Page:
Farmer who had kidney transplant urges donor conversation
A part-time beef farmer from Co. Westmeath who has had a kidney transplant has urged people to have a conversation with their families about organ donation.
Eddie Flood from Killucan is also the national treasurer of the Irish Kidney Association (IKA). He has a hereditary kidney condition – Polycystic kidney disease (PKD) – and he and two of his brothers have received kidney transplants. Their mother died at the age of 65.
Eddie was diagnosed with PKD in 2007, shortly after presenting to his doctor with high blood pressure. His condition was monitored and carefully managed with medication, dietary and lifestyle changes but he commenced dialysis less than two years later which he continued with for 28 months until he underwent his transplant in May 2011.
My eldest was 15 and my youngest eight at the time. Without that transplant, they wouldn’t have had a father. We are all extremely grateful to the donor’s family. I think of that person every day and send a letter to them through the organ donor transplant team. I also plant a tree every year in the donor’s memory.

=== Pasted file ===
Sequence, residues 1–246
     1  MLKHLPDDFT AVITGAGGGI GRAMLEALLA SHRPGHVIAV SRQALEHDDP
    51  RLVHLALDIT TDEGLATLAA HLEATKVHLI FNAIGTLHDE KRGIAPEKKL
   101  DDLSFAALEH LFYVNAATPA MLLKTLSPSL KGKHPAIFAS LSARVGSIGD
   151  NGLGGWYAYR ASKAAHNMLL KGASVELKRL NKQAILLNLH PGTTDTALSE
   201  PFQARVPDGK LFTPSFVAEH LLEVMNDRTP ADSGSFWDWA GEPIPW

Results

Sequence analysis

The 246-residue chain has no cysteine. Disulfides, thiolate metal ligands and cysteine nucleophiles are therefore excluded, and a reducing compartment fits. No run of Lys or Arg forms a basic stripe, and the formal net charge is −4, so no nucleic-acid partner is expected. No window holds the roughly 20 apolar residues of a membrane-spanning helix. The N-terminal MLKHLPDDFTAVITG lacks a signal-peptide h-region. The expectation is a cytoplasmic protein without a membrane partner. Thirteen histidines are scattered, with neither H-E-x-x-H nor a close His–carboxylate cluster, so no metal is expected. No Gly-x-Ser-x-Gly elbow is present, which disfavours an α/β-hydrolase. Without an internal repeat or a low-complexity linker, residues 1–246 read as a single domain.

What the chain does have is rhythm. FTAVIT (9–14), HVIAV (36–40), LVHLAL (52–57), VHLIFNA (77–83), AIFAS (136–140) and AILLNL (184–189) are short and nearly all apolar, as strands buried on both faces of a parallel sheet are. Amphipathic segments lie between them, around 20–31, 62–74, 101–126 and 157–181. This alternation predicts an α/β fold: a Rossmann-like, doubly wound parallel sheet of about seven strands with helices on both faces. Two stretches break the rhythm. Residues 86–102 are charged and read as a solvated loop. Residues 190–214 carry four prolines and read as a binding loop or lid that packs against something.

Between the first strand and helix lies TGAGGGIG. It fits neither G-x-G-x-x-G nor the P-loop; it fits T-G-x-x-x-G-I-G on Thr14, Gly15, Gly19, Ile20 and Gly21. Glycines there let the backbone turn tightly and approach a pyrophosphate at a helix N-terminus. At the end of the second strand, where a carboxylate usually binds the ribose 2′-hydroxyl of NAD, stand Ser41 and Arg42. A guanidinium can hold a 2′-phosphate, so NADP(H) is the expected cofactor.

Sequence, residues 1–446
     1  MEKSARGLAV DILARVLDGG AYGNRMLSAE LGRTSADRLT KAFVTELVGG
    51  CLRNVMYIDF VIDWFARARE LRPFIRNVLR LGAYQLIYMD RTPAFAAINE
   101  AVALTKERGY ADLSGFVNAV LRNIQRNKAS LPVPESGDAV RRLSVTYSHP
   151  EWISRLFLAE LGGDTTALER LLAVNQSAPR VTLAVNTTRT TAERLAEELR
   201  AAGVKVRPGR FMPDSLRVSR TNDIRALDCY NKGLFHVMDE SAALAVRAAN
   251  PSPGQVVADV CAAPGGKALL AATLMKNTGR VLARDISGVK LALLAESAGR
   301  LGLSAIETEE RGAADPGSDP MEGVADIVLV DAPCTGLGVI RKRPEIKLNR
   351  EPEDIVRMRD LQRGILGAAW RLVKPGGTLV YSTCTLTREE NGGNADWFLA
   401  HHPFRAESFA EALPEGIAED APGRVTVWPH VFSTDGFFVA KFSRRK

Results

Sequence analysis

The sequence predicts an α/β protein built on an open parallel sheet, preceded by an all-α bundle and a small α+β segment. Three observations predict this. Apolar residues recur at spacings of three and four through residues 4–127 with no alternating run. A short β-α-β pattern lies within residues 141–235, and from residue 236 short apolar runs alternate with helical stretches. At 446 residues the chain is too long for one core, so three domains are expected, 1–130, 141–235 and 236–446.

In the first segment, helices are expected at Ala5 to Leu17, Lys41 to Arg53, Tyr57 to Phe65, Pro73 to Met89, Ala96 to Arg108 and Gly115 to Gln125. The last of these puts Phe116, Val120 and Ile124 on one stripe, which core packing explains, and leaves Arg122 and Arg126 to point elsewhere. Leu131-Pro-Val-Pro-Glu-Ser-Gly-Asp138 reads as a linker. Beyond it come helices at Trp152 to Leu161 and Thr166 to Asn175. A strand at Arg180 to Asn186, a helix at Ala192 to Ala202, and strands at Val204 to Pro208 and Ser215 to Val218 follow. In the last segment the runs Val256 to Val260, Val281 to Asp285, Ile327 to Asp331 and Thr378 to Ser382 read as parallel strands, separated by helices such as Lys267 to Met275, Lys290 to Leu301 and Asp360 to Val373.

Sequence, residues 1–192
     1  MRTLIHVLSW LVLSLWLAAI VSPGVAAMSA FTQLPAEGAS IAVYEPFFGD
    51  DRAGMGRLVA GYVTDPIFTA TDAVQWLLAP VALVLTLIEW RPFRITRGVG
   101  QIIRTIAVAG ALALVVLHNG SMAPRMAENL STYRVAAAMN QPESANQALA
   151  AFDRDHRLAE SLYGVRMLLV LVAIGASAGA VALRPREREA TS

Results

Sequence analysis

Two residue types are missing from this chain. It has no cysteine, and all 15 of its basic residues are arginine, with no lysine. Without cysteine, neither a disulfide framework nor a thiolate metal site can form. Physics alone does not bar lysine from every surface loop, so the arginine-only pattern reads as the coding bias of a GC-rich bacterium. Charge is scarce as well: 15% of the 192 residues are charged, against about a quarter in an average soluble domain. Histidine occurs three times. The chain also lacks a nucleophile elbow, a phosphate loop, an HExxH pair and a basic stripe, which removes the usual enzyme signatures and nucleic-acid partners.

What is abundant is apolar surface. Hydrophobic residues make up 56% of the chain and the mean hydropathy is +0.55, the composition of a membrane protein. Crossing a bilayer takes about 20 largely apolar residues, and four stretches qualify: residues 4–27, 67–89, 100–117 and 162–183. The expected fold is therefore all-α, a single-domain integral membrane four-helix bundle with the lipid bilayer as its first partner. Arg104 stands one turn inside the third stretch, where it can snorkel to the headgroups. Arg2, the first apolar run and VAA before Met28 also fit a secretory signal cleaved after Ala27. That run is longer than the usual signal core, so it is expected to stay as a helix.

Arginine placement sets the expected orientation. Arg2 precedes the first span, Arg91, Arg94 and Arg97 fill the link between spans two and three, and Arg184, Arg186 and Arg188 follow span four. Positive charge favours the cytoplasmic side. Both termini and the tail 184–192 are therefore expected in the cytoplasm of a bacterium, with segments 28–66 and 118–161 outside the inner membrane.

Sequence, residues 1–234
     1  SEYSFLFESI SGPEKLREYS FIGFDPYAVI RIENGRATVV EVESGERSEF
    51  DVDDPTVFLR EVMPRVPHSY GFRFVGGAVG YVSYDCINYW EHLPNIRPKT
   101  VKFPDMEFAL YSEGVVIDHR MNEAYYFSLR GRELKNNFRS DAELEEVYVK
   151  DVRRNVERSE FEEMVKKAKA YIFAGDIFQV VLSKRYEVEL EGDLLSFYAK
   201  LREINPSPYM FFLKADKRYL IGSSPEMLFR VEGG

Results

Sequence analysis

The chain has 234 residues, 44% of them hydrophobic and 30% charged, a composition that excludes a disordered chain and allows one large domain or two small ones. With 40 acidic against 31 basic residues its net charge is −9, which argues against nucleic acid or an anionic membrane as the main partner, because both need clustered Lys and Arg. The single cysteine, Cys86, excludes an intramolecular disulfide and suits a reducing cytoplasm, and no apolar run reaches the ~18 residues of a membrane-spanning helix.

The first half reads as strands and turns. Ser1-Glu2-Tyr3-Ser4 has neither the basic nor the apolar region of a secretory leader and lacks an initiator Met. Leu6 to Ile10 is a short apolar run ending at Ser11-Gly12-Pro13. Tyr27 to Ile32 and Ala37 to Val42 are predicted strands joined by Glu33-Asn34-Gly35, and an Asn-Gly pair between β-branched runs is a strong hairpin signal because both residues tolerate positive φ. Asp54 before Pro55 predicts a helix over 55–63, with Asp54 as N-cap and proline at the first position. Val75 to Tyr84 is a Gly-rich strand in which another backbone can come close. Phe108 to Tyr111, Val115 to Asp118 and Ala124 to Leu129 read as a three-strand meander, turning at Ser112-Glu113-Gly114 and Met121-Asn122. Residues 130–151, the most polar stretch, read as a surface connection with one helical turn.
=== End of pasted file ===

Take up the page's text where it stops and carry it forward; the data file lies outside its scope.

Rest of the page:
“When I came home from hospital, there was a sense of guilt that someone else lost their life to save mine but you just carry on which is what their family wanted. We have an annual service of remembrance which will probably be a virtual one this year, and it is emotional, with a roll of honour placed around the church.”
Two of his sons have the same PKD condition, but it hasn’t progressed and they are still in good health. As a transplant recipient, Eddie has been very careful and looking after himself during Covid-19.
“I am lucky with where I am living as I am fairly self-sufficient. I go out in the jeep to look at the cattle but I don’t engage with people and my family has been very good in obeying all the rules,” said Eddie.
Having sold a substantial farm and given up his full-time job with South Dublin County Council after the transplant, he went into part-time farming.
“Everyone knows you won’t make money out of a small farm but it keeps me active mentally and physically and it was great to have it through lockdown,” said Eddie.
His voluntary work with the IKA also keeps him busy. “We have had 18 Zoom meetings since lockdown.”
While Eddie accepts that donating a loved one’s organs can be a big decision, he is appealing to people to discuss their wishes with their next of kin.
“It is a major decision to make in the throes of tragedy but a lot of people do make that decision. It allows something good to come out of a terrible situation. The new driving licences allow a box to be ticked on the issue. Organ donation has allowed me to see my children grow up and last weekend my sons did a cycle in Westport to raise awareness.”